When the celebrated violinist Joseph Joachim visited Schumann in the asylum at Endenich, near Bonn, in May 1855, he discovered that the composer – by this time in the tertiary stage of syphilis – had been spending his time compiling an alphabetical list of cities. Nearly a year later, Brahms found Schumann doing almost the same thing: ‘I looked again at his reading matter,’ he reported back to Joachim. ‘It was an atlas and he was occupied with making excerpts, childish ones, of course. Towns, rivers, etc. whose names begin with Aab, Ab, Aba, etc., gathering together the many St Juans, etc. He showed me a whole lot of paper completely covered with such writing.’
Four years before that, while still at home, and in a much happier frame of mind, Schumann had begun to put together a catalogue of references to music in the works of Shakespeare, Schiller, Goethe and other great literary figures, and had also made a detailed inventory of the contents of his own music library. Throughout his adult life Schumann kept a diary chronicling both inner thoughts and external events (the joint diary the Schumanns kept during the first three years or so of their marriage even contains encoded references to their sexual activity), and for much of it had maintained a household book into which he entered meticulous details of his daily expenses. No doubt the psychiatric fraternity would see in such orderliness Schumann’s means of counteracting a fear of mental disintegration. Certainly, that fear remained with him through much of his life. When he was in his early twenties his brother Julius and his favourite sister-in-law, Rosalie, both died of tuberculosis. Schumann noted in his diary:
The night of 17-18 October  – the most frightful of my life – Rosalie’s death just before. At this point, a crucial segment of my life begins. The torture, of the most dreadful melancholy from October until December – I was seized by an idée fixe: the fear of going mad.
The punctiliousness with which Schumann catalogued his life and his possessions extended also to his creative work. No other great composer so assiduously compartmentalised his output, setting out systematically to master and exhaust one form of composition before embarking on the next. Until 1840, the year of his marriage to Clara Wieck, Schumann had concentrated almost exclusively on piano music. After abandoning his law studies, he had trained as a pianist, but his ambitions to become a virtuoso performer were thwarted by a permanent injury to one of the fingers of his right hand. Various theories have been put forward as to the cause of the disability: that it resulted from the use of a mechanical device for strengthening the fingers, or that it was brought about by the mercury commonly administered to sufferers from syphilis, or that it was entirely psychosomatic, the result of Schumann’s guilt over excessive masturbation in his youth.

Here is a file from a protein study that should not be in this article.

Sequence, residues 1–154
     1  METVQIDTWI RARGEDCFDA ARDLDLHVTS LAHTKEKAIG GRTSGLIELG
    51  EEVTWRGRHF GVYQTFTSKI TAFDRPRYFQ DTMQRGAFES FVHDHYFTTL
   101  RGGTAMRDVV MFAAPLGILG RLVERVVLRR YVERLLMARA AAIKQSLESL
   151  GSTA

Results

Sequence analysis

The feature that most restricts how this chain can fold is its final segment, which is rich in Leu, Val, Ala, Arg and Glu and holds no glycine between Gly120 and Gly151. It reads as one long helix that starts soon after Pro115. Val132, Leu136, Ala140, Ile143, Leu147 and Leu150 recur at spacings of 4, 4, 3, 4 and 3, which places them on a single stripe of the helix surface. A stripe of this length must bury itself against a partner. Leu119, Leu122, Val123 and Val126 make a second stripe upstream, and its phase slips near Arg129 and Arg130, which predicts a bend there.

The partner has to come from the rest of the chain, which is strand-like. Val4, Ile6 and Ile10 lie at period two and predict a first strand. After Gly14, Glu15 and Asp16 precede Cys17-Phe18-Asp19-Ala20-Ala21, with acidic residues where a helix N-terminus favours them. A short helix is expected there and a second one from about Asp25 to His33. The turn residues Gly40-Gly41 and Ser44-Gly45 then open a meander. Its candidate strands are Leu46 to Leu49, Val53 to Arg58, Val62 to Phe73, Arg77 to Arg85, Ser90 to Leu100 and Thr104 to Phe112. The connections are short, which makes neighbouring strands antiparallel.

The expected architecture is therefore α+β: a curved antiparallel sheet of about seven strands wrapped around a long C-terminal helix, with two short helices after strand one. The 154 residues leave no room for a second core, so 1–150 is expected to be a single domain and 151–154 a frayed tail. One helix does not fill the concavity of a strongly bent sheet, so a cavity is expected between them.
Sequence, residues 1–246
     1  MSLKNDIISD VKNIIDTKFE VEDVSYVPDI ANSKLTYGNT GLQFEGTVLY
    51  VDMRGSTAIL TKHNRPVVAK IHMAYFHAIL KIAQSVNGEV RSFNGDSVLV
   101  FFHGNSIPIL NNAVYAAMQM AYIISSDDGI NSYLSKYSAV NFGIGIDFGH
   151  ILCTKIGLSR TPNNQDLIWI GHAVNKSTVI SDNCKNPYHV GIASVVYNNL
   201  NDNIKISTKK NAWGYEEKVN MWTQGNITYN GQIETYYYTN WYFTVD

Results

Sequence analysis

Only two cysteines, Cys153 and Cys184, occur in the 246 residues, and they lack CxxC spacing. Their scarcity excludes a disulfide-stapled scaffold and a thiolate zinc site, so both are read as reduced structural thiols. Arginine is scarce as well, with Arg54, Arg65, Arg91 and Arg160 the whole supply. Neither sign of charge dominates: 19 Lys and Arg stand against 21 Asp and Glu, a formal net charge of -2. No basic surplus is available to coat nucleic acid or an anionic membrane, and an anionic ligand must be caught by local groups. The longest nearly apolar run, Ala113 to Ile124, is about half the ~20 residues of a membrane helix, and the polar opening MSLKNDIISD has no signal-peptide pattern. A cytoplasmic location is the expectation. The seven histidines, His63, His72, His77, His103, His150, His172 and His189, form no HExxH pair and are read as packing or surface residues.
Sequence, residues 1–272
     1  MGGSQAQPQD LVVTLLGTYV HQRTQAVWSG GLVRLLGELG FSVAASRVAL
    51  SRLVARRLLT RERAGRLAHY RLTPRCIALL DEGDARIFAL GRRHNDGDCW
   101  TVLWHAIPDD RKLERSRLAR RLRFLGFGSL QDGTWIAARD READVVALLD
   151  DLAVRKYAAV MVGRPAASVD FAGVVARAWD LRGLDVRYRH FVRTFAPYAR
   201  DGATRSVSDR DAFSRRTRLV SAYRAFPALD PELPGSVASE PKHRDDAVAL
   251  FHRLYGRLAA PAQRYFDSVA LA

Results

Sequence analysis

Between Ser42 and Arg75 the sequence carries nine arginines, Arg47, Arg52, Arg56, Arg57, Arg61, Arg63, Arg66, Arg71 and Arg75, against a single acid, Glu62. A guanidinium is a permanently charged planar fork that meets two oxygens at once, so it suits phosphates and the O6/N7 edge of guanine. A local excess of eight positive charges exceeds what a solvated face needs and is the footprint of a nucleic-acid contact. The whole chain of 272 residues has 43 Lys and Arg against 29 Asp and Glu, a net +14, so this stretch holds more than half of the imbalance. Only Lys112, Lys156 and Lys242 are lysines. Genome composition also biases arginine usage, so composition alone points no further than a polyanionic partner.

Even within a single genre, Schumann’s output shows evidence of methodical orderliness. The early part of his piano decade found him determined to write music of a decidedly virtuoso bent: the Toccata op. 7, and the Paganini studies op. 3. Then came a concentration on variation form, in such works as the ‘Impromptus on a Theme of Clara Wieck’ of 1833, and the Etudes Symphoniques which were begun in the following year. (Schumann’s famous Carnaval, whose seeds were sown in a projected set of variations on a waltz by Schubert, also dates from this period.) In the mid-1830s he confronted the problem of the post-Beethovenian piano sonata: all three of his sonatas, together with the C major Fantasie op. 17 were first drafted at this time. And at the end of the decade came those highly original cycles of shorter pieces, including Kreisleriana, Kinderscenen and the Humoreske.
The systematic expansion of Schumann’s creative activities which began in 1840 was signalled by an astonishing outpouring of song. Some 250 were written in that year alone, including most of those for which Schumann has remained famous. In a sense the Lieder of 1840 are the vocal equivalents of the cycles of piano pieces he had written earlier. In the tragic Dichterliebe, to poems by Heine, the voice seems like an extension of the piano: in every one of the 16 songs the vocal part tails off in midstream, and it is left to the piano to utter what the voice can no longer express. At the end, the singer stands by while the piano plays a long postlude that sums up the entire cycle.